Distance Students Left Behind in Push to Hybrid

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Matt Grant, principal at OHS.

Cole Wilson, Journalist

While OHS and the rest of the Olympia School District transitions to hybrid, the school system’s attention towards distance students is waning. Class time for virtual students has been decreased to a fraction of hybrid students’ time (nearly half), leading to more and more asynchronous lessons and less live instruction. In addition, there could be even more drastic changes coming to the schedule soon. These new changes could have big effects on both students and teachers, such as a lot more stress.

 

Many students are choosing to stay virtual, either because they have health concerns, or another member of their family does. These students’ learning time has been decreased dramatically to make way for students returning to school. Students in Cohort C, or full distance students, have 25 minute periods for each of their classes on Wednesday afternoons.  Cohorts A and B however have three 50 minute periods twice a week. In all, remote students have half the amount of live instruction time in the afternoons than cohorts A and B. When asked about this issue, Mr. Grant, the principal of Olympia High School, talked about the plan to resolve this inequity: “The better job we do with asynchronous [lessons], the more equitable we can make it.” In addition, he suggested that asynchronous learning will be the only remedy, not finding more time for live meetings: “I think we have to improve on our asynchronous offering, I think that’s the best we can do, we are limited on minutes.”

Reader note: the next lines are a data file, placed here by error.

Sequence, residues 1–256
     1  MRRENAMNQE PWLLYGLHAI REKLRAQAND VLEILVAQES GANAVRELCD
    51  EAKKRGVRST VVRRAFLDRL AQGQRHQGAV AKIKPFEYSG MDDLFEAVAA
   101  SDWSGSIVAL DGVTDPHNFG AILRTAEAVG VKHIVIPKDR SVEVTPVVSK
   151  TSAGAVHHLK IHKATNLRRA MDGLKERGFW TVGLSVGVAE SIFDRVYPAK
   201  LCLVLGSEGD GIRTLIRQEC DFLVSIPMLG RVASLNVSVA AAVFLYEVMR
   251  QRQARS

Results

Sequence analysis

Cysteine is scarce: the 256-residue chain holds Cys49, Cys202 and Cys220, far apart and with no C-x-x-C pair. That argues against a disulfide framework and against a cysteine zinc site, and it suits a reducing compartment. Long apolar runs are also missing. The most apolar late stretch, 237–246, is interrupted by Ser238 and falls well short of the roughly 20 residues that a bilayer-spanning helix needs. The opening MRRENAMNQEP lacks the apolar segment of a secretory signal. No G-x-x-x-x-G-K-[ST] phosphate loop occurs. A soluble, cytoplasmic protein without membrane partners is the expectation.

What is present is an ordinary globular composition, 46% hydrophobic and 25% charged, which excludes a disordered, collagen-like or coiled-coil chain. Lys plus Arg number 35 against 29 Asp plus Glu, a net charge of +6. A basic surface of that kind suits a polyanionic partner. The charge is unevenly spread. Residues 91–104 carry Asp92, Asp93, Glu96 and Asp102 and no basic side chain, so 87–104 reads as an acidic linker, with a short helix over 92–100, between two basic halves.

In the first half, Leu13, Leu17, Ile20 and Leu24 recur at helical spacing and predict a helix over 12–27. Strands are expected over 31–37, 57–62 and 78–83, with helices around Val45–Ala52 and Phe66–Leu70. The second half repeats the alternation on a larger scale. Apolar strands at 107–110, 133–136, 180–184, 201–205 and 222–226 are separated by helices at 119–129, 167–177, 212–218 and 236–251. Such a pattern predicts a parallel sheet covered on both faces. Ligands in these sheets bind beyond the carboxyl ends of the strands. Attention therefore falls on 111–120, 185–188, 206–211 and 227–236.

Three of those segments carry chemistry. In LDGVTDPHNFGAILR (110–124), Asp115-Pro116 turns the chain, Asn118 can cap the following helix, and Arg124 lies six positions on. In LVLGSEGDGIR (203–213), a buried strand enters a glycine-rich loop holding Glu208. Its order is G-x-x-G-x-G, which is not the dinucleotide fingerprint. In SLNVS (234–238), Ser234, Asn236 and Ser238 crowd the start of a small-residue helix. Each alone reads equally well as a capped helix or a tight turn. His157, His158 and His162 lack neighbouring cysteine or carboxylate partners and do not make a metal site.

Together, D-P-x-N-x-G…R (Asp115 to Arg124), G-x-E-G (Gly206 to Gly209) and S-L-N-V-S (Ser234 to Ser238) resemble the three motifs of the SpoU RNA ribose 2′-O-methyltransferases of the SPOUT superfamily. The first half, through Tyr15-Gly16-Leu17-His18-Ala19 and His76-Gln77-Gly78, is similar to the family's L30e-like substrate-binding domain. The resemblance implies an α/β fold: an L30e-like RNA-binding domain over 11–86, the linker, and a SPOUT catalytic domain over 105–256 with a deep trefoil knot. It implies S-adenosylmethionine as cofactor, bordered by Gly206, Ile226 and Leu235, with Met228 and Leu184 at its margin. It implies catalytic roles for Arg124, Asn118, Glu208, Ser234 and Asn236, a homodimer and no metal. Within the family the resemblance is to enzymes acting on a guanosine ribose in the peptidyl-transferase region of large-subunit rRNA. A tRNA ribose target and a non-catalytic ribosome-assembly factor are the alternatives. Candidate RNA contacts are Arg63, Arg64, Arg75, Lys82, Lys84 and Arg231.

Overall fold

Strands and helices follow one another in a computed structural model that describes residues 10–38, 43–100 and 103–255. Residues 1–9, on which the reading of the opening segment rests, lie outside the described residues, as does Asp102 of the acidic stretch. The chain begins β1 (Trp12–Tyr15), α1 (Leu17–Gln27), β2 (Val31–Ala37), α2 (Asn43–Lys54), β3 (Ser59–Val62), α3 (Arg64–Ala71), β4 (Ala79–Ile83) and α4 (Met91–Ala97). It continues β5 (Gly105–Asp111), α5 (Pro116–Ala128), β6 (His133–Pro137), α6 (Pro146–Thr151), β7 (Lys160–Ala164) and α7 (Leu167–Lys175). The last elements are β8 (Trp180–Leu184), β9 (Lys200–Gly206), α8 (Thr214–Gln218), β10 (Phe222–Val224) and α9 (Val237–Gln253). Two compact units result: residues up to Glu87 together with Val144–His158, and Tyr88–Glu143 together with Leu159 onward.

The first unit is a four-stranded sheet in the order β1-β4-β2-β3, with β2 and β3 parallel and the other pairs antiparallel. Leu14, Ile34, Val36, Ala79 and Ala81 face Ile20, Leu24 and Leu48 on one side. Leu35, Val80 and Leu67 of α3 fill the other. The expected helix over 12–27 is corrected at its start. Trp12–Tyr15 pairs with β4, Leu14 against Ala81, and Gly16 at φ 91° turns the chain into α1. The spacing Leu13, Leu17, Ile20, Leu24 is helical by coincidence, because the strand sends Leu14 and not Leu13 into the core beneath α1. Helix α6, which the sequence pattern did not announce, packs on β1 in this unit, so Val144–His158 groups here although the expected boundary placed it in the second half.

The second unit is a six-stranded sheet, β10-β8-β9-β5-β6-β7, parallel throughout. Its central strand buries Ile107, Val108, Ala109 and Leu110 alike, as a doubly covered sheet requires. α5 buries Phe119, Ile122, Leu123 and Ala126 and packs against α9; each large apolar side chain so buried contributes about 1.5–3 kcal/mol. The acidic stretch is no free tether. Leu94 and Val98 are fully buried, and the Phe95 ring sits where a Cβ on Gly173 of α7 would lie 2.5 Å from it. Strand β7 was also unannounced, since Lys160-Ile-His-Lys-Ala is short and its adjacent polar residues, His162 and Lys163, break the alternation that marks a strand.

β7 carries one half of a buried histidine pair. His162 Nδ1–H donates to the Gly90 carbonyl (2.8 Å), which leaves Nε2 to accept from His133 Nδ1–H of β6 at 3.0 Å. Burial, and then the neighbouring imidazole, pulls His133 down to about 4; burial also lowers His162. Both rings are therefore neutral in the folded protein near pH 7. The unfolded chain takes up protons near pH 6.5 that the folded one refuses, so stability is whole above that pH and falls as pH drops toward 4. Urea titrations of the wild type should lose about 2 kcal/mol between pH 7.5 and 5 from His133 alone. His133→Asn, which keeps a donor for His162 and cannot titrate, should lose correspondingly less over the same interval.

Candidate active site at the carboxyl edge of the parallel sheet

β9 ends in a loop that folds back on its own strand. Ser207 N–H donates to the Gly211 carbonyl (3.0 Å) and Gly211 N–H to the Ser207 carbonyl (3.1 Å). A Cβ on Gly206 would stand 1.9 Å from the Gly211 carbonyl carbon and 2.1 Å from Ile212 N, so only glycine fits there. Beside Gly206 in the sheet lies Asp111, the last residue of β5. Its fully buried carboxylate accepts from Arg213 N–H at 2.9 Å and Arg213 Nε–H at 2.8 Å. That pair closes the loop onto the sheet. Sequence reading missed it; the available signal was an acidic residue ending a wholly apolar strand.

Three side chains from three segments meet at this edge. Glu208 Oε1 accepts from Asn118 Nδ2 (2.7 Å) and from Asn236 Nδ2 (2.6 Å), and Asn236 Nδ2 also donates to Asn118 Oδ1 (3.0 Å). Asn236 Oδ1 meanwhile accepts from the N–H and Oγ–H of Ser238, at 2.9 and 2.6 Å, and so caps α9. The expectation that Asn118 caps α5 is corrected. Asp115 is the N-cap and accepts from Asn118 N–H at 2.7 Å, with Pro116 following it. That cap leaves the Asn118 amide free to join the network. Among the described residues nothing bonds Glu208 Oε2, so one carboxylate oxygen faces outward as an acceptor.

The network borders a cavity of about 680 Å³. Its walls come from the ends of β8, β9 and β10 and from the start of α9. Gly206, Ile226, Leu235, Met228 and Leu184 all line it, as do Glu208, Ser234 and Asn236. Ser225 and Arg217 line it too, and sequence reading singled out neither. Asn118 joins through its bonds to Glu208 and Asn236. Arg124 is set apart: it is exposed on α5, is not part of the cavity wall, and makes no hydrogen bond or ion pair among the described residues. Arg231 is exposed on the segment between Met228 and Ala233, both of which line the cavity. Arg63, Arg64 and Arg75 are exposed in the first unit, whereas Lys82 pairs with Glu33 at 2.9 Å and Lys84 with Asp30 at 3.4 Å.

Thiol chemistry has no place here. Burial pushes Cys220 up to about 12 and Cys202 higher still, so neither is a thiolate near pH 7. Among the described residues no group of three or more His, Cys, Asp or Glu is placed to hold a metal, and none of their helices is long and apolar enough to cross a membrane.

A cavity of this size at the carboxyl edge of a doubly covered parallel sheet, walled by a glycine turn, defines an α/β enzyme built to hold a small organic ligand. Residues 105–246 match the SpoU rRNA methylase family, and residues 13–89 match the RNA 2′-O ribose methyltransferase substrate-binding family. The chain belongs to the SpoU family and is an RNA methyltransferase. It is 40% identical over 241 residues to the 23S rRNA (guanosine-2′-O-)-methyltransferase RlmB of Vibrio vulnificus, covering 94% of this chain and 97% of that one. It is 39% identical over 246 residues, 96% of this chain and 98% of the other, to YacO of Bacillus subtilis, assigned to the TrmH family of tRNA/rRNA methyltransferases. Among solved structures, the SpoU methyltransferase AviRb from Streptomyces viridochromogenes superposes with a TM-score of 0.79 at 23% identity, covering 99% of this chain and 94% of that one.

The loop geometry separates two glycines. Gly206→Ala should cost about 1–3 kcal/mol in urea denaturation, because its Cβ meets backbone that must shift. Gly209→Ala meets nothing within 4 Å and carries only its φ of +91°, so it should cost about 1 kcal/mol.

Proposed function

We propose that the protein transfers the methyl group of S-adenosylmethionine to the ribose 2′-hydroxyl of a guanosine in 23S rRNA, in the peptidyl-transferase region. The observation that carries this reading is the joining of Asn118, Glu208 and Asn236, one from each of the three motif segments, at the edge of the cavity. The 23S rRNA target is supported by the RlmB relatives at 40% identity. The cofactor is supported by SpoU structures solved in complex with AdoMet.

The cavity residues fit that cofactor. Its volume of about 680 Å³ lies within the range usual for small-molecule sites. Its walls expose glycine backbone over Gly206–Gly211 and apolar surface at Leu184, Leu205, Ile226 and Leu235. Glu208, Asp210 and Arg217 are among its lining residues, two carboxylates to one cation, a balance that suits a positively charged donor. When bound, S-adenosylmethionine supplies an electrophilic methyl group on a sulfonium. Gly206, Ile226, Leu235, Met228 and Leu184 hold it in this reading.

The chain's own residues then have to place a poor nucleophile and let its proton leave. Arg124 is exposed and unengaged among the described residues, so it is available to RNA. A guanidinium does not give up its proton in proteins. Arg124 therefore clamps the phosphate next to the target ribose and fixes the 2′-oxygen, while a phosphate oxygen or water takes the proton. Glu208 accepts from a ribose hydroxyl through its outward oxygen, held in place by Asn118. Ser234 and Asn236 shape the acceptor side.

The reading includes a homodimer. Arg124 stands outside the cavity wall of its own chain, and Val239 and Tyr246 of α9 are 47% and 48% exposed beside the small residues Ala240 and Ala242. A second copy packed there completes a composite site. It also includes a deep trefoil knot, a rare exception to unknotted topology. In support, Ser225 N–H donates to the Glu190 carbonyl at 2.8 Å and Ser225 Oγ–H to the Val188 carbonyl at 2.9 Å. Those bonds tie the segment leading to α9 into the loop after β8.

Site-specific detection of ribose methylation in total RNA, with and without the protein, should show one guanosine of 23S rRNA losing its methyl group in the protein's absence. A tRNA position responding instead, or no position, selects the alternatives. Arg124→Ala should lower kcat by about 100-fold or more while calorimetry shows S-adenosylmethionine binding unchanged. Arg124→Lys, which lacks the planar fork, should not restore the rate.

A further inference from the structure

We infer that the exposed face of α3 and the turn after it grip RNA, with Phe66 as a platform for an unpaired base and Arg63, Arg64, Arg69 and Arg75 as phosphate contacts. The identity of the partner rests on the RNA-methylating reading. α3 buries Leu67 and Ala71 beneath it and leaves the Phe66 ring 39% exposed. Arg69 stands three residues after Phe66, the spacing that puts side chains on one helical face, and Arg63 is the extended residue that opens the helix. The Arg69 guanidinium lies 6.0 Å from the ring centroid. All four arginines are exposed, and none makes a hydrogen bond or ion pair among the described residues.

It also should be noted that the time difference between cohorts will likely shift even more. In March, the Superintendent of Public Instruction in Washington (SPI) Chris Reykdal called OSD superintendent Patrick Murphy about how the district is failing to meet requirements for learning time. “Our presumption of course is that districts are following the law around what is allowable for instructional hours, and they have to get there. In high school it’s about 1,080 hours a year…” says Chris Reykdal, SPI. Unfortunately, the OSD is not at that standard yet. By April 15th all schools in the district must be reaching 30% of their pre-pandemic instructional hours. This will mean that OHS will have to add several hours to in-person time, as they are currently only at 20%. Later, Reykdal added “Olympia is probably one of 10 districts left where we are not confident in their reopening plans enough to release their next round of federal dollars. They’ll get there, they need to get there by the 19th.” This likely means that the needed time will be taken from distance learning class time in the afternoon, as there isn’t anywhere else to take it from. Dr. Murphy, the superintendent of the OSD was reached for comment but after two reschedulings was unavailable to interview before the date of writing.

Another group that the transition to hybrid has affected is teachers who have health concerns. While lots of teachers are able to safely go back into school, many teachers are unable to. There is a lot of messaging going home about how teachers will return once they are vaccinated. On this topic, Mr. Grant says: “I think they are going to have to make a choice: ‘will I come in person or will I need to take some leave time?’”